by Judy Panagakos, Careers Coach

Earlier this month, Gallup released their study, Forging Pathways to Purposeful Work , which explores and provides insight into the factors that contribute to finding purpose in your work life. One crucial point the study reveals is that students often wait too long to begin career exploration. While students oftentimes spend time reflecting on this before college, once students are in college that trail oftentimes goes cold until graduation looms near.

Maximize Experiences: Plan Ahead

In order to assess potential career options and discover what work aligns with your skills and interests, you will want to maximize experiences outside of a classroom setting. Internships throughout college summers give students both work experience and exposure to possible career fields. Those students who wait until senior year approaches do not have sufficient time to repoint themselves if they find the prospective career they’d planned for is not a match. If they test more experiences earlier, they will have a greater set of options and more time to change course before deciding on a path.

At Priority Candidates, we frequently emphasize that early experiences are marketable to future employers – and this study demonstrates the crucial importance these experiences play in finding personal fulfillment in work life.

We recently had a client who spent her college years focused on economics and finance, obtaining sought after internships in finance and consulting. There she realized that while she was strong in quantitative disciplines, when it came to applying that in a work setting, it was not a match for her aptitudes and interests. She took stock of her situation and decided marketing would be a better fit. She then, through collaborative networking with Priority Candidates, secured an internship post-graduation – and ultimately found a permanent role in this new field. For those who are struggling to determine a new approach – a Career Assessment can be a great first step.

What Matters Most to Finding Purpose

The study revealed four key drivers that contribute to finding work that makes one feel fulfilled and engaged.

Think of this quartet as the “secret sauce” to finding your purpose. Here are the ingredients along with examples of how, and most importantly, when, we work with clients to help families deliver these facets to career planning.

To find purpose in work, these four keys should be present and in this order of importance:

    1. Having a job or internship experience
    1. Having someone who encourages goals and dreams
    1. Being given realistic expectations for post-graduate employment prospects
    1. Participating in a structured program that helps you think about pursuing meaning in work

Anyone can apply this model if they are proactive. A forward-thinking student can identify and apply to possible internships; and a parent, professor, mentor, or career coach can encourage a students’ goals. A knowledgeable advisor can provide feedback on how realistic certain career options are (which is something we are very upfront about with Priority Candidates clients). Or students can research roles and talk to industry professionals to discover the academic and experience paths needed to get in at an entry level – and plan accordingly if they give themselves enough time. And specific classes, volunteer opportunities, and extracurricular clubs can help students think critically about how to find meaning in work.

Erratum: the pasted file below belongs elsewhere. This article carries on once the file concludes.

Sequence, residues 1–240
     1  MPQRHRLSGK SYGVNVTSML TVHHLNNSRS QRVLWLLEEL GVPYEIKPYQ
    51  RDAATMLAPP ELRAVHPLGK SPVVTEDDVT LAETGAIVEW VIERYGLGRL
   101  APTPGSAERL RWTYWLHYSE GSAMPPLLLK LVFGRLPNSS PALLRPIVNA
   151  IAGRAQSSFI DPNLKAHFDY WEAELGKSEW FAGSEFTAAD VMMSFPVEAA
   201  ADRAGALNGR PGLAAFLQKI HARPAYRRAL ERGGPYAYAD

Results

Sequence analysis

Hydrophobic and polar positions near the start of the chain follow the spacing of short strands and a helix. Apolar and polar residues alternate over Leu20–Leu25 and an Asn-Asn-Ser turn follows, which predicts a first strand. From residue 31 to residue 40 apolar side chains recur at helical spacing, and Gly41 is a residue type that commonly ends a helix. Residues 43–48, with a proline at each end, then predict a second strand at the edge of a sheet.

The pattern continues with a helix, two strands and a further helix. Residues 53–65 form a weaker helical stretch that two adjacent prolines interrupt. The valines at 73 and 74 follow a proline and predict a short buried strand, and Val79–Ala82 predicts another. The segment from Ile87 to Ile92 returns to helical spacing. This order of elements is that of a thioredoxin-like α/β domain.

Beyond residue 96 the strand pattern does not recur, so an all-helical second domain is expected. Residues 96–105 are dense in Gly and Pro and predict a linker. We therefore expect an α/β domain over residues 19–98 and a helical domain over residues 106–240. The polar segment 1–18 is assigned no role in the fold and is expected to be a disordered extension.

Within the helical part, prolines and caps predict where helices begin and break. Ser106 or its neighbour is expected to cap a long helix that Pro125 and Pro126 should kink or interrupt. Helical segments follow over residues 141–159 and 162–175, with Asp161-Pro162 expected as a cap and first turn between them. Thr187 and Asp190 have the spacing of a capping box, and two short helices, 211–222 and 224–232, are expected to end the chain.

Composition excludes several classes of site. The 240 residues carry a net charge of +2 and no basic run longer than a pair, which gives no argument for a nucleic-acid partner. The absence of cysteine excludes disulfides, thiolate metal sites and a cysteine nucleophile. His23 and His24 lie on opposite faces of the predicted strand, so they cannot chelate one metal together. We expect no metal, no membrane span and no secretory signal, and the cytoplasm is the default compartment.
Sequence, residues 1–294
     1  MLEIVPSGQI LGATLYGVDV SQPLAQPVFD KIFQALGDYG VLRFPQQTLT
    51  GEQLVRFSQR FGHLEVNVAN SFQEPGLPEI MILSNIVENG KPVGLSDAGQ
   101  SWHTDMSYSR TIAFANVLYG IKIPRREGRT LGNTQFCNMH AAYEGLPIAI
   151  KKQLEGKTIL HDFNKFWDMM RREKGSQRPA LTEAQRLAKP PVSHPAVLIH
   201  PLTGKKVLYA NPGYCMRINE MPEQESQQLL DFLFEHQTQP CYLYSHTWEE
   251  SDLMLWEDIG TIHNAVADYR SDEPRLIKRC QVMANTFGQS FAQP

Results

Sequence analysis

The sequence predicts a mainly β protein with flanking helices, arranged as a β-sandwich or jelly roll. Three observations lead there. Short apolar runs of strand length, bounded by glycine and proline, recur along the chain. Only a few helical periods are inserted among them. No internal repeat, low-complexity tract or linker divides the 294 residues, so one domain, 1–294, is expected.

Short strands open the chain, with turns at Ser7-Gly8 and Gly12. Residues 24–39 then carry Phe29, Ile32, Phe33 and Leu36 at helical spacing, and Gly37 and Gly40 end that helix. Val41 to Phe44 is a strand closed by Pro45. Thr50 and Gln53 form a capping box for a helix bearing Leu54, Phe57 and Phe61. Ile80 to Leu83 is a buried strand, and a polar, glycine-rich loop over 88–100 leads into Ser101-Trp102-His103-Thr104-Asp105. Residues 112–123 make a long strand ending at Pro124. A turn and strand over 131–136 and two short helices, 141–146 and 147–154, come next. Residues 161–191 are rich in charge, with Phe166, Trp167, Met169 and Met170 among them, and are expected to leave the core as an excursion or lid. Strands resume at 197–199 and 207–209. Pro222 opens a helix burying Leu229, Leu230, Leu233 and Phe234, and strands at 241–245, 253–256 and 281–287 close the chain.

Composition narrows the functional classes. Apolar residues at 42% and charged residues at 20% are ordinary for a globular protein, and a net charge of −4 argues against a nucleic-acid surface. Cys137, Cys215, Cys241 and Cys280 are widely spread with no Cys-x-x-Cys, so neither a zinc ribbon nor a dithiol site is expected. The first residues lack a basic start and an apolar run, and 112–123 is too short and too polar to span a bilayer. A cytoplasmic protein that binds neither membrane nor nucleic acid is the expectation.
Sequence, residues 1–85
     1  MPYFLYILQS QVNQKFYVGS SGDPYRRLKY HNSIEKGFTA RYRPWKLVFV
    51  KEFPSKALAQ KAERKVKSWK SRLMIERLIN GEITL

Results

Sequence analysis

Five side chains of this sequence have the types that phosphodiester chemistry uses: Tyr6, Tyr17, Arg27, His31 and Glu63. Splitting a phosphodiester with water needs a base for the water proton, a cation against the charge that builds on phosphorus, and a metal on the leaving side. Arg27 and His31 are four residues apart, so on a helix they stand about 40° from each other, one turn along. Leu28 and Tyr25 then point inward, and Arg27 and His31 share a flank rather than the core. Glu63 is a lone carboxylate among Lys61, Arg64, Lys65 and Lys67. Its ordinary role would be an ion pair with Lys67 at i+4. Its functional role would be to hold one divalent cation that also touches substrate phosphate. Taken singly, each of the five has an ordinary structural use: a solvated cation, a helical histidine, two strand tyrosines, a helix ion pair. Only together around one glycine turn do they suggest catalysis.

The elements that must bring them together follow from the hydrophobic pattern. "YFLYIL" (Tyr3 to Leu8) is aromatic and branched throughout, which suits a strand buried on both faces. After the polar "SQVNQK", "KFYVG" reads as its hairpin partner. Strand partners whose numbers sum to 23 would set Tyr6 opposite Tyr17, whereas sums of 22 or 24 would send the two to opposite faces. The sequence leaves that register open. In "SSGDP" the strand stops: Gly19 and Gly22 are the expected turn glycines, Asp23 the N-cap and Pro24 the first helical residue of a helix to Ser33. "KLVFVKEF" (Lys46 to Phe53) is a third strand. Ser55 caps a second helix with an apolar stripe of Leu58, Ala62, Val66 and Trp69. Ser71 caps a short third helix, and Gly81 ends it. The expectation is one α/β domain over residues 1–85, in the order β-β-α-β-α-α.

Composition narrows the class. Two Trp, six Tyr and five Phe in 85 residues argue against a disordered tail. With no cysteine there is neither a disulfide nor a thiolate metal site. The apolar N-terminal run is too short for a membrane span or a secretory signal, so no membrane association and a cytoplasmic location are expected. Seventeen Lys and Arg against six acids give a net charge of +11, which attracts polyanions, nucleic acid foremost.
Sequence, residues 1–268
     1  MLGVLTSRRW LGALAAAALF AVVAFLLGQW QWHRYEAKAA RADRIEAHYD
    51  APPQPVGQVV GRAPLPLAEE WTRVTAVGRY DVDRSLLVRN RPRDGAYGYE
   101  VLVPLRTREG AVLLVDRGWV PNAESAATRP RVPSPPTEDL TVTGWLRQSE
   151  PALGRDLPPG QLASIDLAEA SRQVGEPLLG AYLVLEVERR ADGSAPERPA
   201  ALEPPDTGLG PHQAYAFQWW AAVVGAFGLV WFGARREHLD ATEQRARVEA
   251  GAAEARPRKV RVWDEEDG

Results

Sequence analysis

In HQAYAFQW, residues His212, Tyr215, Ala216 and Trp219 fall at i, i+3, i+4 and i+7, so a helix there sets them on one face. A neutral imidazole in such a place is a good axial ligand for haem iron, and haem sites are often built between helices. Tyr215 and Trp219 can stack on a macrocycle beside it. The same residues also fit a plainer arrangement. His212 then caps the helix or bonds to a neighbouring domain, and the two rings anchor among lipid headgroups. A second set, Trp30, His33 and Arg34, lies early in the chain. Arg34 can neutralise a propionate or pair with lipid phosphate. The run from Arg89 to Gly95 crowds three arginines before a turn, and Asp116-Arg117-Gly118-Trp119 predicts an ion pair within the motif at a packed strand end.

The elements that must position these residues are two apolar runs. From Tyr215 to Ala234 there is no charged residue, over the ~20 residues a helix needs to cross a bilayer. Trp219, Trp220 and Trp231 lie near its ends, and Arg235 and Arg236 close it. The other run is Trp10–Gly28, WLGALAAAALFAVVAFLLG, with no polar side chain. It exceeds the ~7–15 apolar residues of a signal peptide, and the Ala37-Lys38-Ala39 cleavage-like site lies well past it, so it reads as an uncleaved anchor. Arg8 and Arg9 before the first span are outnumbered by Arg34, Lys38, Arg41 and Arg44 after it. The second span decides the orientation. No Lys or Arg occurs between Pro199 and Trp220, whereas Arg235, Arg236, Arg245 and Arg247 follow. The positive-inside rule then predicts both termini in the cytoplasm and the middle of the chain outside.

Early Planning Success: Case Studies

  • In August, a Freshman client and his coach studied the clubs available at his university, allowing him to start school with a short list ready for serious consideration; he ultimately chose three that aligned with his interests. Similarly, they studied his curriculum, to ensure that his class selection would provide him with a challenging schedule that will simultaneously equip him with pre-requisite courses needed through junior year. His summer plans include attending a FinTech Bootcamp program and, later, a Finance course at the London School of Economics.

  • Another Freshman client had a clear career vision, journalism, and then took a career assessment to learn what type of journalism would best suit her interests. She will spend summer at an Ivy League School’s summer program in Audio Journalism, which will allow her to apply her strong skills in narrative development and reporting, while learning how to write and edit for radio using world-class equipment.

  • A Sophomore marketing major, started planning the summer of 2019 early and needed to fit in a family commitment. His efforts led to a marketing internship at a start-up manufacturing company, found through networking, and a marketing seminar at the London School of Economics, leaving enough time for a family reunion in between.

  • Another Sophomore Computer Science major started his summer job applications proactively in the fall; but unfortunately spent time applying to roles solely intended for current juniors. In March, after a very intense burst of effort with us he secured a role at a technology company in his area, which he can couple with required intensive sports training for his collegiate sport.

These are just a few examples of how early planning yields options and allows for a combination of experiences; allowing time to meet application deadlines. Remember, it takes creative thinking to temper expectations, networking and plan to meet your varied commitments.

Forging your own path is hard work. Discovering a meaningful career or job can take years, so do not wait until senior year to get started. Work hard, make plans, reflect on your experiences, find someone to guide you and investigate the economic outlook for your dream role - and you will be well-positioned to find and experience a purposeful career.

And if you’re in need of guidance, let us know if we can help.